Leyla Kader Dahm
Genre: YA paranormal romance/historical
Number of pages: 300
Word Count: 75,000
At first, teenager Annabeth Prescott thinks she’s found quite a deal when she talks down the price of an ankh pendant she discovers at a flea market. She soon wonders if the bauble is more than she's bargained for when she faints and glimpses images from a past life in ancient Egypt.
The discovery coincides with another new find: Gabriel, a handsome young man who takes an interest in her. When she meets his twin brother C. J. at a Halloween party, she realizes they look exactly like two boys who figure prominently into her memories.
Does C. J. share the heroic qualities held by his past incarnation Sethe, her bodyguard when she was Princess Ana? Does Gabriel possess the same evil powers he wielded as Kha, the black sorcerer who sought her affection?
Love meets the supernatural in this gripping young adult paranormal romance. Readers with an interest in reincarnation, as well as ancient Egypt, will be drawn to its mystical mixture of history and hesitation as Annabeth sways between the two brothers.
Will her reincarnated soulmate win out? Or will Kha finally find the way to her heart?
Leyla Kader Dahm popped popcorn and dreamt of a career in show business when working in a movie theater while in high school. The small-town Midwestern girl went another route and studied communications at Carroll College and Cornell University, but still found herself drawn to the big screen when a temp agency placed her in a production and development gig at Miramax/Dimension Films.
Dahm went on to work as a script consultant for numerous production companies. She appeared in the acclaimed spoken word show Sit ‘N Spin and had her comedy feature spec, Due North, optioned by Michael Levy Enterprises. She sold her pitch, Survival Instinct, to Nickelodeon Original Movies. Dahm lives with her husband, sitcom writer Richard Dahm, and her children in Los Angeles.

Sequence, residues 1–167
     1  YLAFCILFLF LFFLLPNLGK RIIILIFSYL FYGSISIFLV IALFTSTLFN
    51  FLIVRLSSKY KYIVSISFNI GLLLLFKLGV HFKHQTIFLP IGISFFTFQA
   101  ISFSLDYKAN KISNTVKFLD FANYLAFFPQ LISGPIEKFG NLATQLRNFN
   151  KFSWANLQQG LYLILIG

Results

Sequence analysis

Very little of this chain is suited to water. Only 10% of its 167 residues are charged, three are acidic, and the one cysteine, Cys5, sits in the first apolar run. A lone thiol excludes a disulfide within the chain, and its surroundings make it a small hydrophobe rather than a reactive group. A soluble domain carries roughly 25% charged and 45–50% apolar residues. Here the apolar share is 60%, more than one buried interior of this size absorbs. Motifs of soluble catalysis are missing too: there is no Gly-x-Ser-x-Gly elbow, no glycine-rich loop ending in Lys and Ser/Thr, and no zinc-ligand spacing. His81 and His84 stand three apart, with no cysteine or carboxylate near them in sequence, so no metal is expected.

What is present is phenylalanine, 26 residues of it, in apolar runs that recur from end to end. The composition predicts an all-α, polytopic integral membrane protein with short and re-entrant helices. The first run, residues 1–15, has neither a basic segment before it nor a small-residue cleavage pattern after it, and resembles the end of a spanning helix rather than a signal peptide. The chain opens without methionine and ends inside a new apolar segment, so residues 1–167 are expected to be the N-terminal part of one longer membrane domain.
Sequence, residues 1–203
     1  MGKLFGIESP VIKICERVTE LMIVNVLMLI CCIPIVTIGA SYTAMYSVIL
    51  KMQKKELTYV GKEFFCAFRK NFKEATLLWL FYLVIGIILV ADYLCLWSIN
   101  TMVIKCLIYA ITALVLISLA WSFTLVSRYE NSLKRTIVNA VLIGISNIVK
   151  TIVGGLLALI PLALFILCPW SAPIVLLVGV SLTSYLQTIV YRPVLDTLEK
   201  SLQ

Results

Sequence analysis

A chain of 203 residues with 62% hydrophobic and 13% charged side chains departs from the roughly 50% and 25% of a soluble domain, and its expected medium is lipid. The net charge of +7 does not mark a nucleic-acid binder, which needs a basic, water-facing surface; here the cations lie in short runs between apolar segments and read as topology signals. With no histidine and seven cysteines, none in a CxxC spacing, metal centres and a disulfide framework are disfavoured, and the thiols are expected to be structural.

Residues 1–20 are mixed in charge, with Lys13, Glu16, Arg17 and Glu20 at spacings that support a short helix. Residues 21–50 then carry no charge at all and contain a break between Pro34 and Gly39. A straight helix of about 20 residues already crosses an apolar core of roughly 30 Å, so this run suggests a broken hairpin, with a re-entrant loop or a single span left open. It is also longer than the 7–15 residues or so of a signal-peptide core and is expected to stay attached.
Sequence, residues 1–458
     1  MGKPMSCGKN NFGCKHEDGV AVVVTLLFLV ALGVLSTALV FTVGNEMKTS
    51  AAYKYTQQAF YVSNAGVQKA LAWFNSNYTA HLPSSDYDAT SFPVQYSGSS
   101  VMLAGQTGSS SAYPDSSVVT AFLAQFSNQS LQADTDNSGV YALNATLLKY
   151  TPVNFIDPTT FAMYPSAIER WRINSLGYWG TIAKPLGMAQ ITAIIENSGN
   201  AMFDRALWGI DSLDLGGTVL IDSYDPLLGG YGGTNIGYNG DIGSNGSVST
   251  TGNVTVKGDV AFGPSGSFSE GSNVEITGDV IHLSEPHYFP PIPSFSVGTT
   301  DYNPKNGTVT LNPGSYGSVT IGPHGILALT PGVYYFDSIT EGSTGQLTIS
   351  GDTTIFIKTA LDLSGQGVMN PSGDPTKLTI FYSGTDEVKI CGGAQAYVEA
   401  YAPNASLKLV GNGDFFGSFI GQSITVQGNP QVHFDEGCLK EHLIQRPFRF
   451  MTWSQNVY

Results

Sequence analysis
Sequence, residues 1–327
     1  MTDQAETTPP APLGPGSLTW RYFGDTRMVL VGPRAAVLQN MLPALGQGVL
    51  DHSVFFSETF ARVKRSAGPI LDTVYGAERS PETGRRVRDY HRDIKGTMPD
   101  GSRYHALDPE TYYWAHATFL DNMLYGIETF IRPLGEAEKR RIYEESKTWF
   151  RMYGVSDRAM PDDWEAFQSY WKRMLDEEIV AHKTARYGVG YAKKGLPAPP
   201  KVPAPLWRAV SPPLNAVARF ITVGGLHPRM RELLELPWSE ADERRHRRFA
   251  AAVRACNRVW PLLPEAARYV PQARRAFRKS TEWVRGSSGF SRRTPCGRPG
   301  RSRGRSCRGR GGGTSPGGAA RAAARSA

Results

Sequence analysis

I take in the ramshackle affair. I’ve heard that the flea market is a popular meeting place for bargain hunters and collectors, and it looks as strange as its name sounds. There are rows of rickety wooden tables, and it’s surprising that none of them buckle from the sheer number of goods they hold.
“This is the Arundel Flea Market. It’s the hub of Maine’s secondhand economy,” explains my elderly neighbor, who now doubles as my boss and triples as my tour guide.
As we make our way through the helter-skelter maze of booths, the buzz of negotiation can be heard coming from every direction. I drag along the cart of wares, but stop when I’m seized by a sneezing fit, courtesy of free-floating dust and mold. When Mrs. Lansing offers me a handkerchief instead of a Kleenex, I’m made acutely aware of the fact that I’ve entered a new…er, different world.
Mrs. Lansing’s stooped over just low enough that her poor posture has probably cost her a couple of inches, but that doesn’t slow her down. She shuffles toward a vacant table nestled under the welcoming shade of a chalky-white birch tree.
Seeing that she’s claimed a prime spot, I follow her lead by setting out everything from orphan candlesticks to shell cameos to tin wind-up toys. Then, Mrs. Lansing adds a few eccentric items like yellowed tarot cards and an iridescent crystal ball to the collection.
“What’s the deal with this?” I ask while turning over the fortune-telling device.
“It reeks of mystery and the supernatural, which I love. Besides, the weird stuff always sells,” explains Mrs. Lansing, her eyes twinkling.
“So, who usually comes here?”
“Most of the sellers are serious dealers, but there are also everyday folk looking to earn extra cash. Usually by cleaning out their musty attics or basements.”
“I’ve never sold anything before. Not even girl scout cookies,” I admit.
“You’ll get the hang of it. Why don’t we try some role-playing?”
Mrs. Lansing lays down a parchment document with what looks to be a children’s book illustration of an old masted ship. This is something I’ve seen before. Many times. It’s a Mayflower Society certificate.
“My mom’s a member, you know.”
“Now that’s a great angle. The certificate’s going to be passed, in a manner of speaking, from one Pilgrim descendant to another,” states Mrs. Lansing, her voice crackling with wear.
“I’m not a blood descendant. I was adopted, remember?” I gently remind her.